Most people who consider estate planning want to accomplish at least one of five specific goals. Those goals are:
- The ability to maintain control of assets while alive. This includes investment and managerial control.
- Access to the assets. This includes access to both the principal and the income. In short, most folks want to have the beneficial use and enjoyment of their assets.
- Decision-making authority over how assets are to be distributed to family members and other loved ones.
- Protection from creditors, regardless of whether the creditor is after you or the people to whom you leave your wealth.
- Reduction of taxes upon the transfer of your wealth.
Cold, Hard Trust . . . I Mean “Truth”
The long and short of it is that it’s incredibly difficult (and very, very expensive) to accomplish all five of those objectives. The good news is that most people don’t need all five. Most people really only need three out of the five. The three most important elements of any estate plan are control, access, and decision-making over distributions after your death. All of those goals can be accomplished with relative ease, so long as you’re working with an estate planning attorney who “knows the ropes.” In short, to retain control, access, and decision-making authority, you will need a revocable trust and a will, both of which must be drafted to meet your individual needs and fit your unique circumstances. There is no “one size fits all” in estate planning.
What They Do
Revocable trusts are designed to hold assets. Because they are revocable, the creators of the trusts retain complete control over the assets in trust, and they have complete discretion to use those assets however they see fit. No exceptions.
What the trust does is designate certain people as beneficiaries. That simply means that when the last trust creator dies, the trust document itself states who is to receive what. We all know that a will can do that as well. The trust goes one step further. Trusts are not probated, which means that when the last trust creator dies, the trust itself becomes the law. There is no need to involve the court system in any way.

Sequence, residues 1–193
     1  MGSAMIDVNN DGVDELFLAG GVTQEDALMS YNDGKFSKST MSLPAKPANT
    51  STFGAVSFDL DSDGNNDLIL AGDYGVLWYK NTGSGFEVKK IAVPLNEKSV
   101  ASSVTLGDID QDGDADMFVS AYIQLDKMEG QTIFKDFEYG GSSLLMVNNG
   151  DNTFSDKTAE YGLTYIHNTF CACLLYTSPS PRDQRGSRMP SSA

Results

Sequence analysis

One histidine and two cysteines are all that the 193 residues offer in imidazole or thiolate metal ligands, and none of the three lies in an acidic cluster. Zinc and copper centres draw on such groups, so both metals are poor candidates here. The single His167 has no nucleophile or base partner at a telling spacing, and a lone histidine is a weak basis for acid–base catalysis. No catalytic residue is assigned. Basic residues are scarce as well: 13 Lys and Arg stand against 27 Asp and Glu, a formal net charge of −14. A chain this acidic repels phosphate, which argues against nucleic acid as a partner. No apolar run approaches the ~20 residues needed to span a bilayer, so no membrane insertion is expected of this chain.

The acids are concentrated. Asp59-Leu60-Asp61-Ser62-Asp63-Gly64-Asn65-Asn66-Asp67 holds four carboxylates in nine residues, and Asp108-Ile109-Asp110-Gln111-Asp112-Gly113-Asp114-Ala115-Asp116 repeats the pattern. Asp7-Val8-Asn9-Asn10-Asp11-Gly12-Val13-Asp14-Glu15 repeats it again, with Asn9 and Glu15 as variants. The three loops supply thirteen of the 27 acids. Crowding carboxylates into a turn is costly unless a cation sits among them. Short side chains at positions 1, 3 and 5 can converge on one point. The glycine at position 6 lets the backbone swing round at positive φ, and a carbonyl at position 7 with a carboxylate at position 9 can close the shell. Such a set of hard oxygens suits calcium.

Finally, when the last trust creator dies, the trust itself can become irrevocable. When a trust become irrevocable, the assets held in trust are effectively shielded from outside creditors. In other words, when you create a trust, you have the option to make sure that the assets held in the trust are protected from future claims against your loved ones.
Where The Will Fits In
When used together with trusts, wills are generally termed “pour over wills.” In essence, the will “pours over” into the trust, so that all assets in your estate are distributed according to the terms of your trust. Again, this avoids expensive and potentially lengthy and contentious court involvement, and it gives your wishes the effect of law. It’s your one chance to be both the judge and jury!
Year End Planning
The end of one year signals the beginning of something new, and this is your chance to create a new plan that will let you sleep well at night, and it will serve to protect your loved ones. Don’t wait another year. Do it now! And to help give you some incentive, we are going to meet with the first two people to call our offices and mention this article for free. Our Family Wealth Planning Sessions™ normally run $750, so this is an extraordinary value. Make 2012 your year of planning